Where do the RBA and economists now stand on wages growth?

The Jobs Summit will be very different beast to one which would have happened a year ago, writes Alan Kohler.

The Jobs Summit will be very different beast to one which would have happened a year ago, writes Alan Kohler. Photo: TND/Getty

It’s a pity the Jobs and Skills Summit didn’t happen a year ago.

At least then the Reserve Bank and most economists would have been on board with reforming the bargaining system and restraining immigration to get wages up.

Now the economic classes are, at best, torn between wanting to lift wages for fairness and consumption, and wanting to keep wages down to control inflation.

At the summit in two weeks, they’ll be all “on the one hand and on the other hand” because controlling inflation is now number one priority, in which case Treasurer Jim Chalmers and Employment Minister Tony Burke will have nowhere to go.

A Labor government could defy business and side with unions if the RBA and economists were onside, but it will be harder to go against the boffins as well as business: If the enterprise bargaining system is broken, as the unions claim, it will stay broken.

What a difference a year makes

A year ago, it may have been three to one against business, with the central bank on the side of the unions.

After the August RBA board meeting, governor Philip Lowe said they wanted to get inflation UP to 2-3 per cent and added that “meeting this condition will require … wages growth that is materially higher than it is currently”.

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RBA governor Philip Lowe changed his tune on wages growth. Photo: AAP

That form of words about needing materially higher wages growth was repeated after every RBA board meeting in 2021.

In February this year it was dropped and replaced by the observation that it’s “likely to be some time” before wages growth is at a rate consistent with inflation being sustainably at target. Same in March and April.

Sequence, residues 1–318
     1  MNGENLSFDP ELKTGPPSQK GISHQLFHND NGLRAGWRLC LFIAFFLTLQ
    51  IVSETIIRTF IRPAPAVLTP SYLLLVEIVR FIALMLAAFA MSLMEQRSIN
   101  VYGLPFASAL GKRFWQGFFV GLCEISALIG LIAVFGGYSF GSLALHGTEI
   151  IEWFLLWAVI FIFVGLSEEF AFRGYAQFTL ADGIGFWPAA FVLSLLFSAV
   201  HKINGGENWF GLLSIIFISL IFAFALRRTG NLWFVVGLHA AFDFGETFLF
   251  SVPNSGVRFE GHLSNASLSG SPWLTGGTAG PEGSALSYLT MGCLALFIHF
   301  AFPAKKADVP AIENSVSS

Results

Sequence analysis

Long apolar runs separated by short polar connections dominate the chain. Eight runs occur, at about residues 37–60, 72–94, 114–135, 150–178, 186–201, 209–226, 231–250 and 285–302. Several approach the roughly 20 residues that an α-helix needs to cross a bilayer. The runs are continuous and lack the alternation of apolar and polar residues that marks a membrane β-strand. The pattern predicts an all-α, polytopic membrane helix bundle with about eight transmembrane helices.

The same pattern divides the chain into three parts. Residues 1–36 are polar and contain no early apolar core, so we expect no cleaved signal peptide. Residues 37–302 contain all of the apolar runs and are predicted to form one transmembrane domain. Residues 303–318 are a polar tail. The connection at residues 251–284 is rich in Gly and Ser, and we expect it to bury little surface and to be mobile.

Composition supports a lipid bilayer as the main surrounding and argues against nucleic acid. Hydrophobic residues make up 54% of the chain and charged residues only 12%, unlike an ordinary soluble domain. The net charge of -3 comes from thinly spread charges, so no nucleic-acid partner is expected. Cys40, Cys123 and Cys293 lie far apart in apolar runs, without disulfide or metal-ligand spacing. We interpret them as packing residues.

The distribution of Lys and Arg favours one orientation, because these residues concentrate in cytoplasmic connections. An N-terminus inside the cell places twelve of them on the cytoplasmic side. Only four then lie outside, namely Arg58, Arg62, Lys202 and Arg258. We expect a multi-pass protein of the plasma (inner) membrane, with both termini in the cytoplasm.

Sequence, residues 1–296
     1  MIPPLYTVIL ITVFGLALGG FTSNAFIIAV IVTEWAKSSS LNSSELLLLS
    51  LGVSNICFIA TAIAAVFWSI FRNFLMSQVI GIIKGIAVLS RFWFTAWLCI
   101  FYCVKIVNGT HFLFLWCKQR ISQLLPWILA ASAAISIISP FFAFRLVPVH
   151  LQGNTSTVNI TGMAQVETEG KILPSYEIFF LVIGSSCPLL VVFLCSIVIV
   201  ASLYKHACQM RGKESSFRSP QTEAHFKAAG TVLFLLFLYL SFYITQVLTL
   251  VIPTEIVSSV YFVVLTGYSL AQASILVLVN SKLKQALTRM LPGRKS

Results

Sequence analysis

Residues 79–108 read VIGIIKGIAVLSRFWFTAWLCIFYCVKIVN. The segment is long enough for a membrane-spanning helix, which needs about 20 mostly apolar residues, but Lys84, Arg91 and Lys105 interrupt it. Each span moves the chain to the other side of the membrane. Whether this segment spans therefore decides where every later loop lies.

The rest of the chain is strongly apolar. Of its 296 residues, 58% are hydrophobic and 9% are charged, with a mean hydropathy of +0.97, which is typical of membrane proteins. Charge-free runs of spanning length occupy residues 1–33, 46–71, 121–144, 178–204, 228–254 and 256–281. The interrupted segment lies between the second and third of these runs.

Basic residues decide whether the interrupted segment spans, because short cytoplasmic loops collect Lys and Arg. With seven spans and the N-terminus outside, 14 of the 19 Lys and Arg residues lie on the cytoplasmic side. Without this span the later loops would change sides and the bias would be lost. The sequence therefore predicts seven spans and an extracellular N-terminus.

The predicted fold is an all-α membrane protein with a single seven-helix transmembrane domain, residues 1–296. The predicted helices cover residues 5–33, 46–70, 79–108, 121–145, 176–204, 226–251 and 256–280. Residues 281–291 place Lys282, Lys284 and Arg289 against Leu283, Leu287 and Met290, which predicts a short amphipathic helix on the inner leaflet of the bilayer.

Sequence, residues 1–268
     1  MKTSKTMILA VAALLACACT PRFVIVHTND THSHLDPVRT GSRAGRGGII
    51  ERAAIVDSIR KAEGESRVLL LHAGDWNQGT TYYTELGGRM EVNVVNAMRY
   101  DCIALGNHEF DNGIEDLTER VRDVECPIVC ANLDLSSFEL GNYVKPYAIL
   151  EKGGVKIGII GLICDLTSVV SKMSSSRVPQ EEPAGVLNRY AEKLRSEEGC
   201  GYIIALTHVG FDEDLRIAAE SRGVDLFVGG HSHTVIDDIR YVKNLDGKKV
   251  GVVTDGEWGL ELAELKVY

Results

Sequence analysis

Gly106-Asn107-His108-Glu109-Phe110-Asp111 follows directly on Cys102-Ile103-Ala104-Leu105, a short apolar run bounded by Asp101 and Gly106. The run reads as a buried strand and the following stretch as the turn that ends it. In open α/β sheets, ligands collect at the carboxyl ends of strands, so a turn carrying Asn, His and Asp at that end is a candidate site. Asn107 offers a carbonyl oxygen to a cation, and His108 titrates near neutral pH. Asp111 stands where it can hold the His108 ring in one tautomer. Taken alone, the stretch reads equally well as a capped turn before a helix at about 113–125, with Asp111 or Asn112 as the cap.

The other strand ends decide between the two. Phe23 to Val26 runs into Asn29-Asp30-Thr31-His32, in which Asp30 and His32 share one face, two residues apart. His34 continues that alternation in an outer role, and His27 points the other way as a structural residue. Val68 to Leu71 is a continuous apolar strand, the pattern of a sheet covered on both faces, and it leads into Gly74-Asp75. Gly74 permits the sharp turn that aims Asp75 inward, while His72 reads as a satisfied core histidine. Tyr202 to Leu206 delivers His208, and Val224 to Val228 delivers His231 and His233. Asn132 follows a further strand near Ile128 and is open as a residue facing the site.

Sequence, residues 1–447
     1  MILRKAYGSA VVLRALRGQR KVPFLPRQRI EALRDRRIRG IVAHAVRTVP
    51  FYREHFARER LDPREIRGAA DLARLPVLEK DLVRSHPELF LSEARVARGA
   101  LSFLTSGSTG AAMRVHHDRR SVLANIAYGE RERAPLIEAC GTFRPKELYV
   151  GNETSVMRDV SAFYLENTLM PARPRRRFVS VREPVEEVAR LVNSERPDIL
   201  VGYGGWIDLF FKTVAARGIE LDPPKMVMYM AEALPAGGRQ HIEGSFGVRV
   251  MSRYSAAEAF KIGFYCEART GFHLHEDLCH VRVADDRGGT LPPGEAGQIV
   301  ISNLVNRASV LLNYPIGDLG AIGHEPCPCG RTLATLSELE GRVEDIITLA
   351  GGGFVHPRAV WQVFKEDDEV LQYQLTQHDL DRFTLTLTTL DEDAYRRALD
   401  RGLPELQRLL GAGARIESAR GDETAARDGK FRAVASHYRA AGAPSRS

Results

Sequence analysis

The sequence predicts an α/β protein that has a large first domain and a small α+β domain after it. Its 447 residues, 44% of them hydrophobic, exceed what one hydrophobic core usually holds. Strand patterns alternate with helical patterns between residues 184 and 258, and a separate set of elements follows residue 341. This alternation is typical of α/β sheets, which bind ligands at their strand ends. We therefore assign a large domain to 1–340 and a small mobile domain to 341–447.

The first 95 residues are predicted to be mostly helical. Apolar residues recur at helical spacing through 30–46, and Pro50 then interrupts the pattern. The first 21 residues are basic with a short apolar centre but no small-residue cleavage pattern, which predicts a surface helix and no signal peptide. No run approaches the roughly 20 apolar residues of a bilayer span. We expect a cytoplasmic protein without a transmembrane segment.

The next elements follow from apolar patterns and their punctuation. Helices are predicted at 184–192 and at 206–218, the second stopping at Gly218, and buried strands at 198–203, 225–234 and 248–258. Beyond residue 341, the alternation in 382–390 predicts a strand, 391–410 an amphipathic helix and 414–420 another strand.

And then in May, while announcing the first interest rate hike, Dr Lowe cited the RBA’s “business liaison” as evidence that wages growth was picking up, and he has done that every month since, while hiking the cash rate by 0.5 per cent at a time.

But businesses are either telling the RBA’s business liaison unit one thing while doing something else, or there is a serious lag at work in the ABS statistics.

In the December quarter 2021 wage price index, released in February, the ABS reported wage growth of 0.7 per cent; in the March quarter, 0.7 per cent; and in the June quarter 0.7 per cent. No pick up.
Meanwhile the consumer price index increased 1.3 per cent in the December quarter, 2.1 per cent in the March quarter and 1.8 per cent in the June quarter.

So in the 12 months to the end of June, wages increased 2.4 per cent while prices went up 6.1 per cent – the steepest drop in real wages on record.

After that data came out, there was a flurry of press releases from the ACTU, declaring that the migration, skills and wages systems are all “broken”, and that “wage growth must be the number one priority for the jobs summit”.

Meanwhile Innes Willox, CEO of the Australian Industry Group, is trying to steer the discussion more towards productivity growth, which he says is “lower than it could and should be”.

“Largely as a result,” he continued, “real incomes growth has been commensurately lower.”